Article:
July 4, 2016 report
Chondrule evidence suggests ancient low-velocity collisions between rocky planetesimals and icy bodies
(Phys.org)—A small team of researchers with members from institutions in France and Japan has found evidence in chondrules that suggest their existence came from collisions between planetesimals in the inner part of the solar system and icy bodies on the periphery, approximately four and a half billion years ago. In their paper published in the journal Science Advances, the team describes their work with two previously found meteorites and their study of the chondrules within them.
Space scientists have been studying meteorites for many years as part of their attempt to understand the nature of the universe—one type, chondrites, hold glassy looking blobs of material in their interior, called chondrules, which come to exist, it is believed, when molten droplets of different types of material cool. Such objects are also believed to belong to a class of some of the oldest known materials in our solar system. In this new effort, the researchers focused on two chondrites named Kaba and Vigarano.
In taking a close look at the chondrules within, the researchers found that they were made of sulfide-associated magnetites of magmatic origin, more commonly known as SAMs, something that had never been seen in a chondrule before. This, and their unique shape, the researchers contend, suggests that they could have been created only under conditions where oxidizing was occurring, and the only viable scenario where that could have occurred in the early solar system was where rocky planetesimals left the inner part of the solar system and ventured to its outer reaches where they eventually collided with icy bodies. Such collisions, the team notes, would have been relatively low velocity, because olivines were still present—a high speed collision would have caused such material to vaporize.
The team built a model to better understand how such collisions could occur and after studying their results theorize that such collisions could have come about due to the presence of a gas giant, such as Saturn or Jupiter—as it formed, it could have caused other objects to be jerked around, resulting in some being flung great distances.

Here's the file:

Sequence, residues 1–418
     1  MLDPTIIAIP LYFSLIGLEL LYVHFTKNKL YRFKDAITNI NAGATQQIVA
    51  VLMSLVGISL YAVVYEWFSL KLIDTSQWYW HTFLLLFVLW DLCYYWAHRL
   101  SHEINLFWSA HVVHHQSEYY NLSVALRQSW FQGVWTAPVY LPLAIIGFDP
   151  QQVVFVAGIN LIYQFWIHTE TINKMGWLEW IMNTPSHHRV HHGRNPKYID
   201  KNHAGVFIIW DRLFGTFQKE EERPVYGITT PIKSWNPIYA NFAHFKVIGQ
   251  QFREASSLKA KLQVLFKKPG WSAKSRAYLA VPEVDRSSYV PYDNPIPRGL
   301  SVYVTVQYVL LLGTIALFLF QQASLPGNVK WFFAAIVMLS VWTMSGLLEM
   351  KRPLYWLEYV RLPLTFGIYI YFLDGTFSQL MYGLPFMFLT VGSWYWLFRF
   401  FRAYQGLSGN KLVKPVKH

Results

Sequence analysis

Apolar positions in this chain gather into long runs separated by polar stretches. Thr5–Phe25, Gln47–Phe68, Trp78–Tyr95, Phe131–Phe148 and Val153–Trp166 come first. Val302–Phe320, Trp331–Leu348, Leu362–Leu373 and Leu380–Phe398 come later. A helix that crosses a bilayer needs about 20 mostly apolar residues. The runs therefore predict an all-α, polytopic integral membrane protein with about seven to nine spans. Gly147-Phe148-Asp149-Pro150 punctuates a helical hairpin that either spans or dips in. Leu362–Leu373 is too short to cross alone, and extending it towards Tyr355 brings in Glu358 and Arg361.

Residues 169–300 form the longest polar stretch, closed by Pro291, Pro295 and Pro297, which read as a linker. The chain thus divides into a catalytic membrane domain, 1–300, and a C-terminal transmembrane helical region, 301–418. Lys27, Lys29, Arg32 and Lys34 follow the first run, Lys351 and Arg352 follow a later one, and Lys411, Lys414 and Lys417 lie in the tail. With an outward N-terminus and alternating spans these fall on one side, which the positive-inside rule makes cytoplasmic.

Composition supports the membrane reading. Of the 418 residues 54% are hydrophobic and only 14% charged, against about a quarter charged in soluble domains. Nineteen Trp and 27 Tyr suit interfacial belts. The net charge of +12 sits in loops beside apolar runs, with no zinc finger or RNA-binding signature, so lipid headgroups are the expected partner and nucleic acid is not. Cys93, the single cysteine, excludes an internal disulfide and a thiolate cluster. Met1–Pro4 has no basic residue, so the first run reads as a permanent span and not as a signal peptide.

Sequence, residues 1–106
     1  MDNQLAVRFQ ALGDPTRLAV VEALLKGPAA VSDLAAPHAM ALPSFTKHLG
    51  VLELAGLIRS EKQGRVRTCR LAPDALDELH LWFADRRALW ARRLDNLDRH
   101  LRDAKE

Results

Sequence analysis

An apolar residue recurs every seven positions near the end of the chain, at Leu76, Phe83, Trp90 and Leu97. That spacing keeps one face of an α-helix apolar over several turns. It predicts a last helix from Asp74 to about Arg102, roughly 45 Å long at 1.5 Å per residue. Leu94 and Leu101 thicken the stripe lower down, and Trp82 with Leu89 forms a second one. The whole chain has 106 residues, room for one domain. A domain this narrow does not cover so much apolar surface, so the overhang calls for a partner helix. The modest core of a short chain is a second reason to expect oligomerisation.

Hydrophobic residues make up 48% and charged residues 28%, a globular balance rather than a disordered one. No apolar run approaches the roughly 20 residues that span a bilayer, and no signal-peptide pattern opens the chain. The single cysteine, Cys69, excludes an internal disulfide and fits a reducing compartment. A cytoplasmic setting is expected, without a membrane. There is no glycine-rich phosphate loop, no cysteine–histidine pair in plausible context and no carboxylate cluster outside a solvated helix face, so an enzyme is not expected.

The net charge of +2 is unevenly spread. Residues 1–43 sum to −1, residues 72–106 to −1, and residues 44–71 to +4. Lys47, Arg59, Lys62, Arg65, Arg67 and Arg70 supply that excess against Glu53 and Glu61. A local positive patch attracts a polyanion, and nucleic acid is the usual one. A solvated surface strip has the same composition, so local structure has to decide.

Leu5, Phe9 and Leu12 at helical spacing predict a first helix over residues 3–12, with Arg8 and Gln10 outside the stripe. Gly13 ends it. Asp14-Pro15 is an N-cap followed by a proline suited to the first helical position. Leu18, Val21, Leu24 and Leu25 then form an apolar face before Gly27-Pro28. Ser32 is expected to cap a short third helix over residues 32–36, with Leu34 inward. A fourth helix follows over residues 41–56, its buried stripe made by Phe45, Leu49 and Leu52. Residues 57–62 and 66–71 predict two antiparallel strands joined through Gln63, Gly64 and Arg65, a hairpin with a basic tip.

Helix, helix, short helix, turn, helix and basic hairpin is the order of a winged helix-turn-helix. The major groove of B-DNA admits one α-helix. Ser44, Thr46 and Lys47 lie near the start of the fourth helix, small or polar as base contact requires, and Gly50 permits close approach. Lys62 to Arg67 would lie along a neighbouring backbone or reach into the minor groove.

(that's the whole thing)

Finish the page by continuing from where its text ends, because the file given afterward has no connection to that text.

The findings by the team suggest that not all chondrules were made from primitive dusk present in the early solar system disk—some may have come about due to collisions. The team plans to continue their study of chondrules looking for evidence that shows that collisions are the main process driving their formation.
Meteoritic chondrules are submillimeter spherules representing the major constituent of nondifferentiated planetesimals formed in the solar protoplanetary disk. The link between the dynamics of the disk and the origin of chondrules remains enigmatic. Collisions between planetesimals formed at different heliocentric distances were frequent early in the evolution of the disk. We show that the presence, in some chondrules, of previously unrecognized magnetites of magmatic origin implies the formation of these chondrules under impact-generated oxidizing conditions. The three oxygen isotopes systematic of magmatic magnetites and silicates can only be explained by invoking an impact between silicate-rich and ice-rich planetesimals. This suggests that these peculiar chondrules are by-products of the early mixing in the disk of populations of planetesimals from the inner and outer solar system.
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